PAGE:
Distressed furniture is any piece that has a few nicks and bruises. Often the finish is cracked or crackled. New furniture that has the appearance of being distressed is not really distressed from my point of view. Again, and I cannot say it enough, furniture should be made of solid wood, not particle board or plywood. Many newer pieces are not solid woods. And, once again, I will reiterate that we should buy the best we can afford when it comes to home furniture. That does not always mean buying new furniture.
For those going for the distressed look, most common in cottage style or shabby chic or the more primitive looking farmhouse style, start with the real thing. We need to separate the idea of antiques from vintage furniture. Most of us will never own a museum quality antique (and most of us have no use for one in our homes). Vintage furniture, on the other hand, is older furniture and is usually made of solid wood or a veneer. Veneers do not provide a good distressed look. Always start with a solid wood piece of furniture if you want it to look distressed.
New or Vintage for the Distressed Furniture Look?
Certainly, there is plenty of new furniture made of solid wood that has the distressed appearance. It was intentionally distressed at the factory. It will cost a pretty penny. All solid furniture costs more than its particle board counterparts.
I am a firm believer in used furniture. I have said it a hundred times, maybe more. After all, it makes sense that most used furniture will have a nick or two and that is the character we are looking for when we decide to decorate with distressed furniture. Once you get the hang of it, your friends and neighbors will think you have spent a fortune on the decor.
Looking at the chest above, think of how many times a similar piece can be found in a thrift store or at an auction. The only problem with it is how we perceive it when we see it in the second hand shop. Be honest! Seeing this piece of furniture in a thrift store makes one think it is old and in need of a little TLC. See the same piece in a high end retail furniture store and chances are the credit card will be easily presented to buy this “unique” piece.
Here’s the thing about creating a decor that includes a couple of distressed pieces. People see what they want to see. If you put the chest above in a well kept home decorated in a shabby chic or country cottage style, everyone would rave about it. Let those same people see it in a thrift store and it will be passed by as an old piece of furniture that needs to be painted or cleaned up. It’s all in the presentation.
The bathroom vanity to the left is new, made to look distressed. How can I tell? And, more importantly, how can you tell? Just look at it. The “worn” places are too uniform, too symmetrical, and the wood that is showing looks too fresh like it is new.
Of course, if there is no way around buying a new piece of “distressed” furniture, a little mayonnaise on the light wood will darken it.
Just remember that every drawer will not be worn the same as every other drawer. No one — and I mean NO ONE — uses all the drawers equally often. It stands to reason that some areas will be more worn than others. Think about the appearance of the vanity. There is no wear under the handles on the drawers. Most of us would expect the drawer to be opened by the handle. If that were the case, there would be wear where the hand had rubbed the finish as the drawer was pulled open. The purpose of this discussion is not to criticize furniture makers. However, it is worth noting that while someone (a novice to distressed looks) was looking at the vanity, there are marks of distress. To the trained eye, it is obvious that the distress is not necessarily where one would expect it to be.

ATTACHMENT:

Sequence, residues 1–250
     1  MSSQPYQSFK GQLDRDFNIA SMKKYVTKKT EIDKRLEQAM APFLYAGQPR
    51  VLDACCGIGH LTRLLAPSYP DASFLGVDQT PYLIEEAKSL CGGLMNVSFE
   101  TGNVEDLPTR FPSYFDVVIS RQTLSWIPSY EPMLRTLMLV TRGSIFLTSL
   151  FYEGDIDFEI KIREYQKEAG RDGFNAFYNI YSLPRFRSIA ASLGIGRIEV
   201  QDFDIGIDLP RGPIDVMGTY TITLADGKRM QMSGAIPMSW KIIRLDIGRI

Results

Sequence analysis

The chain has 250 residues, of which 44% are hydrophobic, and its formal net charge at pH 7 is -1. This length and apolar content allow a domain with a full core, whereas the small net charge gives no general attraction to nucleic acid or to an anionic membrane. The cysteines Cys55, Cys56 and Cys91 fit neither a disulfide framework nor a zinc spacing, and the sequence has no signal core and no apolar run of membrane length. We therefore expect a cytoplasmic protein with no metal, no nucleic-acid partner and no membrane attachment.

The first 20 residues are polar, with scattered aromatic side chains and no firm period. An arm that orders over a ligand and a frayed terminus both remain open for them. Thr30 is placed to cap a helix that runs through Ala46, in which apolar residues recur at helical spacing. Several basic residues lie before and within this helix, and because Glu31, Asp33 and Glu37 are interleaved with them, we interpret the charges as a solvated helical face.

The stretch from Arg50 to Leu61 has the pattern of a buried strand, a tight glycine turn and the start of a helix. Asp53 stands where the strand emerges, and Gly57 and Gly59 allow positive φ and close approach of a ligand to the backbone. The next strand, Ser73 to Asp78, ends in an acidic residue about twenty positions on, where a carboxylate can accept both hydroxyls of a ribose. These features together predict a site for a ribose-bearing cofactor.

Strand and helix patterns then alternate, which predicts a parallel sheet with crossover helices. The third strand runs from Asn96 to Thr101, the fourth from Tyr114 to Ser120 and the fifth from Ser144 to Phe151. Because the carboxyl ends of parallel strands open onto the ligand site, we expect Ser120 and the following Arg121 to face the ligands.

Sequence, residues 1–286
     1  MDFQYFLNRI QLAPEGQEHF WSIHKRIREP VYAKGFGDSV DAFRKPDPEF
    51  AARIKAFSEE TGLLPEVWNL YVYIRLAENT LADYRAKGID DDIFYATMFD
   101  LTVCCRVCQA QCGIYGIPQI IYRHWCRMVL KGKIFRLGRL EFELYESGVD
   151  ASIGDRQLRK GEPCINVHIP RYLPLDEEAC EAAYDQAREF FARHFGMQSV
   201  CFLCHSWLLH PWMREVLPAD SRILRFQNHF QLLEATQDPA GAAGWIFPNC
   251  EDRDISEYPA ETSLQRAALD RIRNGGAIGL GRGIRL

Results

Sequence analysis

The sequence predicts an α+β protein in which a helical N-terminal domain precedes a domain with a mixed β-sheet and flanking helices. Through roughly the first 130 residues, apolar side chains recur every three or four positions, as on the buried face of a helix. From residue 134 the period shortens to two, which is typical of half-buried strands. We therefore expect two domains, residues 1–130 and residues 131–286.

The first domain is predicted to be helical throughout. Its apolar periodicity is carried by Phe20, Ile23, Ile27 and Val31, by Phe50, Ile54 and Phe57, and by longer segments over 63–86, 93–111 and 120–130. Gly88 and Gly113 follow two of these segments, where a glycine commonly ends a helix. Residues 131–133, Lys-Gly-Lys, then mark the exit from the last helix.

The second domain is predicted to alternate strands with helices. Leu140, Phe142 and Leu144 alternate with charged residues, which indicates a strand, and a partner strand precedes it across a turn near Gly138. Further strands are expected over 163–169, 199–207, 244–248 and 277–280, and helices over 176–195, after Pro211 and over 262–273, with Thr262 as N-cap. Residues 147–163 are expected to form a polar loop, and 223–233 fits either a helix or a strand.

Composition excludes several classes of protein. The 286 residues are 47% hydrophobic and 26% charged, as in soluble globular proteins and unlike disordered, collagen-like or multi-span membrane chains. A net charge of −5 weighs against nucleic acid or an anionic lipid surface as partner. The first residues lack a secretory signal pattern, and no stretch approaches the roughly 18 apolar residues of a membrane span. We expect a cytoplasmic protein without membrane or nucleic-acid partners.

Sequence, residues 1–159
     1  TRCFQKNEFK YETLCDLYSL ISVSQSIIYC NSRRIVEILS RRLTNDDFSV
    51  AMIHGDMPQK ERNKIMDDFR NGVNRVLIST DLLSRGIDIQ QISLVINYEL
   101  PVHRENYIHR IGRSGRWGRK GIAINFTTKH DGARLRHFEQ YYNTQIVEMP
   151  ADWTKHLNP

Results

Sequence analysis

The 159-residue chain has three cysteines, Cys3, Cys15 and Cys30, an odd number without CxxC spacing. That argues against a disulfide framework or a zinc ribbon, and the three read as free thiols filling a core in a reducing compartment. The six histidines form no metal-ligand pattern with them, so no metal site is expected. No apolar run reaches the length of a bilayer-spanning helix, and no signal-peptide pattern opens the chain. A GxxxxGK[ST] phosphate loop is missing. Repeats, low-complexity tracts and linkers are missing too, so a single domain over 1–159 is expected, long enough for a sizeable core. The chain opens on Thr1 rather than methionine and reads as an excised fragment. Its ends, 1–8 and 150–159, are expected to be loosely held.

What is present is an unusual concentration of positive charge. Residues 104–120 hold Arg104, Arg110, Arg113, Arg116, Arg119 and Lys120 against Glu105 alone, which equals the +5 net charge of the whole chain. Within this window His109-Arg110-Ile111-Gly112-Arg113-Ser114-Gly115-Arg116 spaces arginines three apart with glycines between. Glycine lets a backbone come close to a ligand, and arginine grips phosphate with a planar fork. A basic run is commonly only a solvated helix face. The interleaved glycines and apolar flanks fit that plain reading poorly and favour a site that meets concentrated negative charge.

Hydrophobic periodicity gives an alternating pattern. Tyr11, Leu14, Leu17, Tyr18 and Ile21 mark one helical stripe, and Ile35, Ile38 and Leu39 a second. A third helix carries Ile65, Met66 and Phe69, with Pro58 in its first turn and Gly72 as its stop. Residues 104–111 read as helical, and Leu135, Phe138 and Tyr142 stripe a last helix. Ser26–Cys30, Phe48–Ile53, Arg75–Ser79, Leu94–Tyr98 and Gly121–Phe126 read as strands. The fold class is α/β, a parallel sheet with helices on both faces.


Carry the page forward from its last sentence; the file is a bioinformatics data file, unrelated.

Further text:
When looking for distressed furniture, use a little common sense. The center door would have more wear on the side that opens than the hinged side. More wear would be noticed around the drawer pulls than symmetrically around the edges of the raised panel on the drawers. In all probability the top drawers would show more wear than the middle or bottom ones as most of us keep the necessities in the top drawers, rather than the bottom ones.
How Many Distressed Pieces Should Be Used in a Room?
There is no set answer to this question. However, as a rule of thumb, not all the pieces in the room should be distressed — at least, not equally so. At the same time, a very distressed piece of furniture will not look right in a room of new Queen Anne furniture. It’s as much about style as distress. If you love Queen Anne furniture as much as I do, and if you love distressed furniture there is always the option of going shabby chic. In other words, select the Queen Anne style table from a thrift store. Buy a piece that needs to be refinished or painted. Paint the table in a color that will complement the decor, not blend with it. Add the distressed piece, maybe two, depending on the size of the room.
When using more than one piece of distressed furniture in a single room, be sure they are not equally distressed. Again, use common sense. Back in the day, most families purchased pieces of furniture separately as they could afford them. (They did not have credit cards.) If one piece is extremely distressed, the other should only have a few indications of wear. Otherwise, the room can look like a thrift barn.